Alloderm Vs Fat Grafting for Silicone Implant Rippling?

I'm 5'3", weigh 116 lbs and have 400 cc sub-muscular silicone implants. I went from a B to a D cup with the augmentation. The right breast is fine, however the left breast shows rippling in the cleavage. It's enough that I won't wear anything low cut. I realize my skin is too thin and I either need alloderm or fat grafting to fix the problem. Should I have one or both?

Doctor Answers 3


Breast Implant Rippling most often occurs when there is insufficient soft tissue coverage due to little overlying body fat and breast tissue. Implants placed beneath the muscle help to minimize this phenomena but the lower and outside breast (as pectoralis muscle is no longer present), towards the cleavage where the muscle thins out or on top of the breast where breast tissue is often lacking are the most common places to see rippling. It is often accentuated with certain positions (e.g. bending over,or leaning). Most of the time, rippling is felt along the outer side of the breast and the inner side of the breast next to the cleavage. Breast implant waviness (rippling) that is felt but not noticeable to the eye is very common and should not be a concern. However, when rippling is visible, patients are often self-conscious about their appearance.
Factors that are associated with increased rippling include:
  • Traditional Saline implants (IDEAL® Saline implants less likely)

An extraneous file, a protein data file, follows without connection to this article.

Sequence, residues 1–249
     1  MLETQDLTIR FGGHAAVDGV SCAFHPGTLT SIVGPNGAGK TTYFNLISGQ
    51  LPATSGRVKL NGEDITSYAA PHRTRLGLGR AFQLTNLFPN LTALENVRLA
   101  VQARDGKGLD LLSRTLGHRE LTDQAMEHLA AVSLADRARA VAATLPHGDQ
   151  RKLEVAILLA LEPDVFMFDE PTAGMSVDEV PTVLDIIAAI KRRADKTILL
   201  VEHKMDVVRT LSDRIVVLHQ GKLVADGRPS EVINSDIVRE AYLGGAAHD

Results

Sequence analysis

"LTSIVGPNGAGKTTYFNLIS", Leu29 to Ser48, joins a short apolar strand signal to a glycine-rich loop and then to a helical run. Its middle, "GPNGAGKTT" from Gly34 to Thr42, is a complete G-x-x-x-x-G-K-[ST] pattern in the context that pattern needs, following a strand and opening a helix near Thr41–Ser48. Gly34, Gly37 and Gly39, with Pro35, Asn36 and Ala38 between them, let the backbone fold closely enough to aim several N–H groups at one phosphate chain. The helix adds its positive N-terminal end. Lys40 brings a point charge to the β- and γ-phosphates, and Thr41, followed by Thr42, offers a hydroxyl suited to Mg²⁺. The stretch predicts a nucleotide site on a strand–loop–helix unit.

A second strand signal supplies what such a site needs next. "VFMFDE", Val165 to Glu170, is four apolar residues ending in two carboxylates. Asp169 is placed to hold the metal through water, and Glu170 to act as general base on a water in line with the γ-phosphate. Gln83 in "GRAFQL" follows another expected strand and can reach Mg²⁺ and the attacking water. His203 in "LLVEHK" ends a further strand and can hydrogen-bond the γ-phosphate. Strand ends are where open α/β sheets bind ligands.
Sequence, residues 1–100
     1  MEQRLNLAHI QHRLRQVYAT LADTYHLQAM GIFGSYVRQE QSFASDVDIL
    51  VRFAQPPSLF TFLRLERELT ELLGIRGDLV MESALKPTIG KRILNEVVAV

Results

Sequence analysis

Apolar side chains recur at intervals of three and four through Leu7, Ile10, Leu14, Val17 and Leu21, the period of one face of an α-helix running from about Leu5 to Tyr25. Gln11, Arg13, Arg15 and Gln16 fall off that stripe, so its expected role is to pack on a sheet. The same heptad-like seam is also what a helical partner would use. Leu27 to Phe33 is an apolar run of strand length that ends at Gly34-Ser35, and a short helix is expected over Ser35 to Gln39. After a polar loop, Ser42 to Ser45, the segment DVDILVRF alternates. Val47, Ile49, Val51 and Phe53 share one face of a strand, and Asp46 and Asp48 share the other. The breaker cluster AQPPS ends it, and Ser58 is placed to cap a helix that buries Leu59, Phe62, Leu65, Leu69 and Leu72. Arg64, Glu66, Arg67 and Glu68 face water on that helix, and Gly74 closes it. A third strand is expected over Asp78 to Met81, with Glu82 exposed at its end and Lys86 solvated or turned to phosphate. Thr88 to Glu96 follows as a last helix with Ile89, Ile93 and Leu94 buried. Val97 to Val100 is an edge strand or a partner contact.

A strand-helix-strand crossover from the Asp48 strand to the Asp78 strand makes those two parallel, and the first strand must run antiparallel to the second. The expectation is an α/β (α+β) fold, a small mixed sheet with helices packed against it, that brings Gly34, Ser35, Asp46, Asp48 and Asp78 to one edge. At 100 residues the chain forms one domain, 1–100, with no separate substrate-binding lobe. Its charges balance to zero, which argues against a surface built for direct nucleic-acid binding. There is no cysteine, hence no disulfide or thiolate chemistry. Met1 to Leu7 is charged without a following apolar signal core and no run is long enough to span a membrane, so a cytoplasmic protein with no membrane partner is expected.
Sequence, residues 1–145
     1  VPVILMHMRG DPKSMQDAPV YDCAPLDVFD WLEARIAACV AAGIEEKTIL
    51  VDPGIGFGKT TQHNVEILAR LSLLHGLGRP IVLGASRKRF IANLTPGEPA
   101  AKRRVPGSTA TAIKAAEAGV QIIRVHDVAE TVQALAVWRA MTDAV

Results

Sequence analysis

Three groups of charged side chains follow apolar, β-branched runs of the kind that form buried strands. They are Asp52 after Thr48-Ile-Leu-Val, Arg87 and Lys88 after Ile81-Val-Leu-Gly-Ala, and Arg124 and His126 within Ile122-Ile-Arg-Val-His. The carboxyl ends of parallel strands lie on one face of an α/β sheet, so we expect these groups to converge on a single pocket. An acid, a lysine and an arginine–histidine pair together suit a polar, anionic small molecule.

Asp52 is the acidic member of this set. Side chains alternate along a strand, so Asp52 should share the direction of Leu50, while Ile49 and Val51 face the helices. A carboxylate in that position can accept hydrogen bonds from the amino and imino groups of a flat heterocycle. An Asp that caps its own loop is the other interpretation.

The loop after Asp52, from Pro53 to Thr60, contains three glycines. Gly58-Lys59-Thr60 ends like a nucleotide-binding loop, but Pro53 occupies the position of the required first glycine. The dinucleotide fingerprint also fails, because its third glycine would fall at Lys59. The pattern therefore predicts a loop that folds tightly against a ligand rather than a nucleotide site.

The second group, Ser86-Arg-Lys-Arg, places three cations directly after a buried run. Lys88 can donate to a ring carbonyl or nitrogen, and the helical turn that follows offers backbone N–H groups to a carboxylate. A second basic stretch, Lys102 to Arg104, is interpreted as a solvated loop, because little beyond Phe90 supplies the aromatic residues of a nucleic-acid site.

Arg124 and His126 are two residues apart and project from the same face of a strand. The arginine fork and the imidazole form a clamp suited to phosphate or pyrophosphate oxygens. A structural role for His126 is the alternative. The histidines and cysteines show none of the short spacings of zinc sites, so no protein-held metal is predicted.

• Textured implants
  • Large implants
  • Thin patients with low BMI
  • Implants placed above the muscle
  • Prior history of rippling
Factors which are less likely to have rippling include:
  • Heavier and larger breasted women
  • Using a highly cohesive form-stabile silicone implants (gummy bear)
  • Smooth implants
  • Smaller implants
  • Submuscular placement
Once rippling occurs it is very difficult to correct. Rippling can be minimized by placing a biologic fabrics (e.g. AlloDerm®, Strattice™, SERI®), submuscular conversion if implants are above the muscle, fat transfer, use of adjacent tissue (muscle or fascia) if available, and in persistent cases implant removal and fat transfer. Seek the care of the best board certified plastic surgeon possible with experience in breast revision surgery.


Orange County Plastic Surgeon
4.9 out of 5 stars 154 reviews

Repairing ripples after gel augmentation

Ripples can be a vexing problem in one who is thin as you describe yourself.  Fat grafting is simple to camouflage the irregularities but do you have fat elsewhere that can be used and are you accepting of the risks?  Alloderm or Strattice could be placed in the area of concern but there is considerable risks and cost that would come with it.  Finally, you could consider converting to the textured anatomic cohesive gel implants but they lose the 'natural' movements of your current implants when you lay down.  Talk to your doctor about your options and pick what is best for you.

Curtis Wong, MD
Redding Plastic Surgeon
4.8 out of 5 stars 33 reviews

Strattice, Alloderm, or fat grafting for implant rippling

Thre are a number of things to consider when breast implants show rippling, including the very important question of whether the implants are of the appropriate diameter. In general, ripples will show where the tissues have thinned out. Strattice is my go-to option for that since it has better coverage than Alloderm, and is much more predictable than fat grafting for that application. Alloderm is most often used in breast reconstruction, where its more stretchy quality is beneficial with tissue expansion.

Richard Baxter, MD
Seattle Plastic Surgeon
4.9 out of 5 stars 52 reviews

These answers are for educational purposes and should not be relied upon as a substitute for medical advice you may receive from your physician. If you have a medical emergency, please call 911. These answers do not constitute or initiate a patient/doctor relationship.